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Tips to correct the most frequent errors in oral health care

However, the popular ideology is full of beliefs or ‘half truths’ that, far from protecting our teeth and gums, cause us to neglect our oral health and have a greater risk of contracting diseases. Therefore, and within the framework of its Congress of Periodontics and Oral Health that is being held in Malaga with the assistance of more than 4,300 professionals from 40 countries of the world, the Spanish Society of Periodontics and Osseointegration (SEPA) has presented its 'Take care of your gums' campaign to dismantle these' myths and legends' and offer practical advice on mouth care. As explained by SEPA, 'usually, you have the impression that gum or' periodontal 'diseases are not Especially frequent or important. However, in our country they currently affect 8 out of 10 adults over 35 years of age, and recent published studies confirm that advanced periodontitis is the sixth most prevalent disease on the planet, affecting 11.2% of the world's population. And to this it is added that these diseases also have a very negative influence on general health. And it happens in the gums does not stay in the gums ».

 

Myths and legends

1. It is normal for the gums to bleed Bleeding is an alarm sign anywhere in the body and, logically, the gums are no exception. Thus, a healthy gum should not bleed, and if it does it is because something is not going well. In addition, the origin of this bleeding is not found, as many people believe, in the use of a harder brush or brushing with greater force. As SEPA warns, "bleeding gums is a sign of inflammation and disease."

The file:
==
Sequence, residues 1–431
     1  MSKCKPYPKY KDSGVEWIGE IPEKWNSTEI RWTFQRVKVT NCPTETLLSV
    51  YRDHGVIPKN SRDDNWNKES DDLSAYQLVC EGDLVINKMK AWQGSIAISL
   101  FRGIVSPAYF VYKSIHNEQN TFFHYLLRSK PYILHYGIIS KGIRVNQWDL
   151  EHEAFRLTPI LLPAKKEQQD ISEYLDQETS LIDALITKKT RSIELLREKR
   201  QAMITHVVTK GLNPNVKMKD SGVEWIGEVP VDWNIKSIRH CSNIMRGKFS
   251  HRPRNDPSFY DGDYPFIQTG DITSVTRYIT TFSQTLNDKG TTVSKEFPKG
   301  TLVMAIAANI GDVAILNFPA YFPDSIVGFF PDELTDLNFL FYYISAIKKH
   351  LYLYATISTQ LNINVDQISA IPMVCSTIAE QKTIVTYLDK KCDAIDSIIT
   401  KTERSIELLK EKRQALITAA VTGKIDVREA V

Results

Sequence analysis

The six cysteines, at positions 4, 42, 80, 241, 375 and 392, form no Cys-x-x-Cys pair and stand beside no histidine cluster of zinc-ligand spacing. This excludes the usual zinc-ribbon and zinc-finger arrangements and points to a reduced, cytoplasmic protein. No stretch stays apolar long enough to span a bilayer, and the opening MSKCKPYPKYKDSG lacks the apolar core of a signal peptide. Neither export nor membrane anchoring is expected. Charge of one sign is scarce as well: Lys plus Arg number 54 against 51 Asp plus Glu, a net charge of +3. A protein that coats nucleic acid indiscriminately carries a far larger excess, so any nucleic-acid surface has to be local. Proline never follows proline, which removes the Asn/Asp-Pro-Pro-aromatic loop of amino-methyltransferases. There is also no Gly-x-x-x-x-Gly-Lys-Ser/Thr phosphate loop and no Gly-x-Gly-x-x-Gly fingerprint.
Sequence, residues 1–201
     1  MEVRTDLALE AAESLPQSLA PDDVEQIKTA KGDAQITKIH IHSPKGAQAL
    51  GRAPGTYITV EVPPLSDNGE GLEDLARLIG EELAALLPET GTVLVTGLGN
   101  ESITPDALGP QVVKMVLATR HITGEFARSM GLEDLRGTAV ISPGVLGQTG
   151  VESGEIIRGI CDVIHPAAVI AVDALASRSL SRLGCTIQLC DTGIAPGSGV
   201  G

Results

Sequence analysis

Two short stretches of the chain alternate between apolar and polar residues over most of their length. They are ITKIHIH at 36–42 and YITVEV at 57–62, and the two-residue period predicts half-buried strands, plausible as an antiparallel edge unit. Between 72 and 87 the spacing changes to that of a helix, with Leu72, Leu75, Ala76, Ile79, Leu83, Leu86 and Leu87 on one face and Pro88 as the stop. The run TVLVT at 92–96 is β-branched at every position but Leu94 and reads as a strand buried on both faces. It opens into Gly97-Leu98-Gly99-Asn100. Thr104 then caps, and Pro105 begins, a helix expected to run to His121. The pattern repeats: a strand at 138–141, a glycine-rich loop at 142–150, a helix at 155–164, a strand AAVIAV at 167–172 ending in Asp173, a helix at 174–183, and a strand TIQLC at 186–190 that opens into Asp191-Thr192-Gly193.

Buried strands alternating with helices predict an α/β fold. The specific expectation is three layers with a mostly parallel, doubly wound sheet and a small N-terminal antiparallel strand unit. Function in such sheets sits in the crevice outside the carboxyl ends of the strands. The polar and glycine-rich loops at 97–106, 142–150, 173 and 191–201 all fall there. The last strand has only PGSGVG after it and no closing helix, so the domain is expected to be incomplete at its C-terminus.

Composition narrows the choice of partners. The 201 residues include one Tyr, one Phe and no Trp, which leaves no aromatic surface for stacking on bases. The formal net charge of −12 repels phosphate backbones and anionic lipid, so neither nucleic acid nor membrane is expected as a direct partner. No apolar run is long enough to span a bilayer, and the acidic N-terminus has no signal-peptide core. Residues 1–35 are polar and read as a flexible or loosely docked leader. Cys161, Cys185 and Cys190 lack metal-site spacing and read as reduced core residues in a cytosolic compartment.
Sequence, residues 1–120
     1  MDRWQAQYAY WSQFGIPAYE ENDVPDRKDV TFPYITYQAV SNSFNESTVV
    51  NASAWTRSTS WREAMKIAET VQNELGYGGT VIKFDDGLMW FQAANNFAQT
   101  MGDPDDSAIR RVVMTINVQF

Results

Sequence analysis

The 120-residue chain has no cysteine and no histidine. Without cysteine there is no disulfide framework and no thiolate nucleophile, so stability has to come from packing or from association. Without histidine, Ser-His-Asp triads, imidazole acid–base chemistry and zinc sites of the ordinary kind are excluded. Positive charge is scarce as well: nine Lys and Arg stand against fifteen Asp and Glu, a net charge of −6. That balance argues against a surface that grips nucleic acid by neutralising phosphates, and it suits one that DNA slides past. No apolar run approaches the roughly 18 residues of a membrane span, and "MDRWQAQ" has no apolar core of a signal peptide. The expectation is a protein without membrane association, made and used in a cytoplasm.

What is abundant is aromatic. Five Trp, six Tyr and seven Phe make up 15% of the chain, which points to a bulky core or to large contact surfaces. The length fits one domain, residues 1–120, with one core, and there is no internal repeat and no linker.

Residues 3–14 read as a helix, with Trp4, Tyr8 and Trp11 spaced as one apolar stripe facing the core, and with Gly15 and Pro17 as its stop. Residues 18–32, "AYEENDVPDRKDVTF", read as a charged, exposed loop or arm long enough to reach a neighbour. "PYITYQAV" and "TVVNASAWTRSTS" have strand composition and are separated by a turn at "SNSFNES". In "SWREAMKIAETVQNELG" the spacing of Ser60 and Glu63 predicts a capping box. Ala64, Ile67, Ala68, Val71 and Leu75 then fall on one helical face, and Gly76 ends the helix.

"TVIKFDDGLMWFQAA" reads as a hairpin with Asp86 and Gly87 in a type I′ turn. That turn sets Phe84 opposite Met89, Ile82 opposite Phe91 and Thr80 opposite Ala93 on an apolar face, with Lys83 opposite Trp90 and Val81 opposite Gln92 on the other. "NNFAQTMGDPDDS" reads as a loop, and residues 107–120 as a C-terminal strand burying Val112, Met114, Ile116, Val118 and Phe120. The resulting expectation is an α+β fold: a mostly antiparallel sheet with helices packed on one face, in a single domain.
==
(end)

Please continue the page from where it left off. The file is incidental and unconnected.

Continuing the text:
2. If it does not hurt, it is not important Periodontitis or gum disease is also known, in addition to as pyorrhea, as the invisible invisible disease ’. And it is that in the initial stages it does not present any apparent sign or symptom, case of pain. But this does not imply that the gums are healthy. An important aspect since this periodontitis is associated with an increased risk of very dangerous and life-threatening diseases, such as cardiovascular diseases, diabetes or cancer.

3. Smokers are ‘protected’ against periodontal disease. Gum bleeding is less frequent in smokers than in the rest of the population. But this does not mean that smoking protects against periodontitis. On the contrary, smokers have a three times greater risk of suffering from the disease and that it progresses more rapidly. And as the main alarm sign, that is, bleeding gums, is masked, the risk of diagnostic delay is much greater.

4. Maintenance treatments wear my teeth Tooth enamel, that is, the frame that covers the tooth, is the toughest and toughest part of the body. In fact, it reaches seven points on the Mohs Scale - a scale that measures the hardness of the materials and opens the talc, with a single point, and closes the diamond, with 10–. Therefore, maintenance treatments, as well as necessary, do not wear the tooth. As SEPA recalls, “periodontal maintenance is essential for the patient with periodontitis, since it is necessary to periodically eliminate bacterial plaque deposits and calculation regularly to avoid relapse and disease progression. It is a fundamental stage of treatment and the only way to achieve long-term periodontal disease control. This continued treatment has no impact, nor does it produce tooth wear ».